All treatments for cancer should be designed to prevent tumours evolving resistance, because drug-resistant tumours are what kill most people, says Paul Workman, head of the Institute of Cancer Research in the UK.
To make this happen, the ICR is setting up a £78 million Centre for Cancer Drug Discovery in London that will bring together researchers from different disciplines to focus on creating anti-evolution treatments.
“We are hugely excited about it,” Workman told a press briefing at the Science Media Centre. “The biggest challenge in cancer is drug resistance.”
When someone with cancer is given a drug, it may be very effective at first, killing most of the cells in the tumour. But if just a few cells out of the billions in a tumour have a mutation that makes them resistant to that drug, they will survive and keep growing.
This is natural selection – exactly the same process that drives the evolution of plants, animals, bacteria and viruses. “Cancers evolve very rapidly over a short space of time to become resistant, leading to the vast majority of cancer deaths,” says Workman.
Thanks to new technologies such as single-cell genome sequencing, we can now study this process in action. But cancer researchers and doctors have not yet put this understanding at the heart of all they do.
“We need a culture shift in how we develop drugs,” says Olivia Rossanese, who will be head of biology in the new centre.
One approach to prevent resistance evolving could be to combine drugs with different killing mechanisms. While some cancer cells may be able to resist one or two drugs, it’s rare for any cells to have mutations that will let them survive three at once.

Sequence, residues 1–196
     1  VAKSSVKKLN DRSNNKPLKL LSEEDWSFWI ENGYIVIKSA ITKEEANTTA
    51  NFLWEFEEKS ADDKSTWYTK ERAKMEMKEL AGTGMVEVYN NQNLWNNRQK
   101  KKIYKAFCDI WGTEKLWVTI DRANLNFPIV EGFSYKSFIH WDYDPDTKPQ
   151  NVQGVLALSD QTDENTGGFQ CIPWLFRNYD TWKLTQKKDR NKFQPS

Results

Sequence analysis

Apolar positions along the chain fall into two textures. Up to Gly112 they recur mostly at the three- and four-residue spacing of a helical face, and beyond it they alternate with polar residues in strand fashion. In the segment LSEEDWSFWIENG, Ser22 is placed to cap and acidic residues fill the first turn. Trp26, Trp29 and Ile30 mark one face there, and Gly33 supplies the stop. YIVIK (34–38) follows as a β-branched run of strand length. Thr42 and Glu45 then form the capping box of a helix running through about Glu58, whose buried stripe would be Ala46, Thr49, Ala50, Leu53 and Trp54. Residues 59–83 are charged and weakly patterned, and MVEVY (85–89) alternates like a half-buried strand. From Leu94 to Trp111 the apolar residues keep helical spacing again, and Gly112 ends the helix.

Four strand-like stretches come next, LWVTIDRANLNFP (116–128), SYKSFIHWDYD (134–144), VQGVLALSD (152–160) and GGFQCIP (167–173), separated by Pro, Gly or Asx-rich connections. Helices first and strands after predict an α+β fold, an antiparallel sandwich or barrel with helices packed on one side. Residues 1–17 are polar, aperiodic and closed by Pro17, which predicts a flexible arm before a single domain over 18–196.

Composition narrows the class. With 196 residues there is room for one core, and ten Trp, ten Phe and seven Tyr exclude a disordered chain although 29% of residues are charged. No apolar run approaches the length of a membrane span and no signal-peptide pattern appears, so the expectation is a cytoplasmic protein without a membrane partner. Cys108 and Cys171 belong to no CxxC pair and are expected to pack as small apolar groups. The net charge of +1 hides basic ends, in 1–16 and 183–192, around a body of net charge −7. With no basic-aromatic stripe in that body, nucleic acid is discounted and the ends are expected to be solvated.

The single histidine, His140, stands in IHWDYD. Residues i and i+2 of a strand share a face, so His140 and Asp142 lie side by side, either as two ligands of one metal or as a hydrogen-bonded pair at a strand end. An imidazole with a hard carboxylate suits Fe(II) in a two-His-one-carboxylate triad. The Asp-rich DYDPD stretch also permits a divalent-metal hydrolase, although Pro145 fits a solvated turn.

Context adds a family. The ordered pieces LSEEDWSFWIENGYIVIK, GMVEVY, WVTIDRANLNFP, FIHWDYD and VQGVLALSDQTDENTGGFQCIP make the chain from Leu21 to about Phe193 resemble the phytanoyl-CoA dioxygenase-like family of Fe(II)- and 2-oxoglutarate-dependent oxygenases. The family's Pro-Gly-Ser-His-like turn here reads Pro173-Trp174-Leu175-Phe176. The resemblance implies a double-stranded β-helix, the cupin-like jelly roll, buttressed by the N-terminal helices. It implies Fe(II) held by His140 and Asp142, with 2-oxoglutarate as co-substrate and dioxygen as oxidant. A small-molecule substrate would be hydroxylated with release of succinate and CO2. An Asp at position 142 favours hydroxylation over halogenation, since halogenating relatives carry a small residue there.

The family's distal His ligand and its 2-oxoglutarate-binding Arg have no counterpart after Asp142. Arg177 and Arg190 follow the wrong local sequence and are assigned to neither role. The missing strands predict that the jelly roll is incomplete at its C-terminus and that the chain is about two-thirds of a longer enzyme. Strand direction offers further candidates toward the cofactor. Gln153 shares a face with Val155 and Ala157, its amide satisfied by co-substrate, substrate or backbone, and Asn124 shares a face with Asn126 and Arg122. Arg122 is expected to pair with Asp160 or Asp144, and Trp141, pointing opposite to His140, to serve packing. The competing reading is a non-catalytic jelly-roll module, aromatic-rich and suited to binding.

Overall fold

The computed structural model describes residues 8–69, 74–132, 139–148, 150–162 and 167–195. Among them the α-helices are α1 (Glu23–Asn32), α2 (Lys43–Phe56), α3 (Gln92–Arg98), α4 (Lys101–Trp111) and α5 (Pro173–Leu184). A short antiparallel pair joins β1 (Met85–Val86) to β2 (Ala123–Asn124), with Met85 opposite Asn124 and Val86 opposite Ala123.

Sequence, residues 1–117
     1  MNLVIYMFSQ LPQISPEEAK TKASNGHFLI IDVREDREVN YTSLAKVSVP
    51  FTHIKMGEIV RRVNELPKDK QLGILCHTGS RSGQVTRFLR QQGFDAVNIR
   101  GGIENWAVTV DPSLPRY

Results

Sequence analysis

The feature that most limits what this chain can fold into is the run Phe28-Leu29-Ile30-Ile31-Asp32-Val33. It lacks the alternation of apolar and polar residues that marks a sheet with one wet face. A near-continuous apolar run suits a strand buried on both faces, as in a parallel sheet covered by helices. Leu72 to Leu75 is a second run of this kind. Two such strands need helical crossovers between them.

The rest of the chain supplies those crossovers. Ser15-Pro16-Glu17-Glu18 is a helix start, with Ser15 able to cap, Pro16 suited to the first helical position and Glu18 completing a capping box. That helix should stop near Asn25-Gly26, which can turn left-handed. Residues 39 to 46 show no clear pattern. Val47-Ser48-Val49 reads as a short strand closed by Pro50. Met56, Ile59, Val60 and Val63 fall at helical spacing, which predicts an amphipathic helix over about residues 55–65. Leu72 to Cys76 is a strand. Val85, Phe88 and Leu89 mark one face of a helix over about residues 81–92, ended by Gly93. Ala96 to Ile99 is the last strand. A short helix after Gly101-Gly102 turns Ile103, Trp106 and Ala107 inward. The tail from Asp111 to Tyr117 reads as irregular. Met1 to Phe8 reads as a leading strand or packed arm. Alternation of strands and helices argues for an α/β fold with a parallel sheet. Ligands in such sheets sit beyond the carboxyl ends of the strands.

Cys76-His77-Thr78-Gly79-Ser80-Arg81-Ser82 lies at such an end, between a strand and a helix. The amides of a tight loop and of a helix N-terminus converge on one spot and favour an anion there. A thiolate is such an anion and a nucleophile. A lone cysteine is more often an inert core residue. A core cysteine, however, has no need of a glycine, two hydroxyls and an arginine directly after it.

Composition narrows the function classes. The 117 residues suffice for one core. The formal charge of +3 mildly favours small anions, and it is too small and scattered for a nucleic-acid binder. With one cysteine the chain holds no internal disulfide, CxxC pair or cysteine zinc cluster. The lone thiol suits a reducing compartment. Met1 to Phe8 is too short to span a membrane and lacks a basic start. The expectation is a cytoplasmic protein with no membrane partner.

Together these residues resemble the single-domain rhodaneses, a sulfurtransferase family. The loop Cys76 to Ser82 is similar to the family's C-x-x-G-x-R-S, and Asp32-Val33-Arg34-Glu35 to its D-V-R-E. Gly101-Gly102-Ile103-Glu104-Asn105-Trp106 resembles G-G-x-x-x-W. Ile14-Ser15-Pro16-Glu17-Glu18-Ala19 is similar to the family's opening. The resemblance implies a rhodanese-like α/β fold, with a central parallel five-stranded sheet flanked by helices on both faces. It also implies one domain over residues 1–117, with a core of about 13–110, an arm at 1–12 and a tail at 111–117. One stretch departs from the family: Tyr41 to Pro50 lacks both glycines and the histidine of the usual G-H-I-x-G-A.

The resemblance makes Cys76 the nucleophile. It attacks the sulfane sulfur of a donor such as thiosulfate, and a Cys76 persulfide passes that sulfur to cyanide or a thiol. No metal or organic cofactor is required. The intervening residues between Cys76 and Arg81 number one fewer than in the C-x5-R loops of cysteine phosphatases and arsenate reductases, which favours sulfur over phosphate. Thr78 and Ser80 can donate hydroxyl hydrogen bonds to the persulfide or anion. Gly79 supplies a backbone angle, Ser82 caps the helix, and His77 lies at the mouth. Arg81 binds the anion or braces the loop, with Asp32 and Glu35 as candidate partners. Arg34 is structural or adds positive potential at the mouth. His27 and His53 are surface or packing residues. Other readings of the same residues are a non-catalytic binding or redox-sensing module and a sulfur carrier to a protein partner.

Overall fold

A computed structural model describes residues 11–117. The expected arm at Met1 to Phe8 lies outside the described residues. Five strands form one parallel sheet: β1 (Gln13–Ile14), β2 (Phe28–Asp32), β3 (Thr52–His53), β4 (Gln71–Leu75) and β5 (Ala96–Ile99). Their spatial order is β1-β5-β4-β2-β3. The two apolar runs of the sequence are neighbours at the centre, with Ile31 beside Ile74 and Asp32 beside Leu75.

Triple drug therapy has been the key to halting evolution in HIV, Workman points out. The virus can evolve resistance to one drug but very seldom to three.
However, for this to work, people will usually need to get the combination from the start. Once a cancer is resistant to one drug, giving the other two won’t prevent resistance.
But the trouble is that drugs are usually developed and tested for safety individually, and may be more dangerous if combined. “The existing way of getting drugs approved does not lend itself to doing this,” says Workman.
Another approach is to limit cells’ ability to evolve by stopping them mutating. For instance, mutations in cancer cells are often induced by enzymes called APOBEC proteins. These proteins’ normal function is to generate the diversity our immune system needs to respond to new diseases, but cancers hijack them and use them to evolve resistance.
Researchers at the ICR are already working on drugs that block specific APOBEC proteins. If given in conjunction with existing treatments, they may slow the evolution of resistance.
A third approach is known as evolutionary herding. The idea here is not to stop evolution but to force it to take a certain direction, for instance by using a drug that makes it more vulnerable to other treatments, rather than more resistant. These other treatments can then be deployed later on.
“The aim is to direct cancer cells towards an evolutionary dead end,” says Andrea Sottoriva, another researcher who will work at the centre.
Finally, another idea is to monitor how cancers are evolving and keep adapting treatments to maintain their effectiveness. This could be done with “liquid biopsies” – blood tests that detect substances shed by tumours.
The researchers hope that having a whole centre dedicated to this anti-evolution approach will help bring about a major shift in cancer research, so that treatments focus on preventing resistance in the first place, rather than becoming ineffective one after the other. “We need to stop play catch-up,” says Rossanese.
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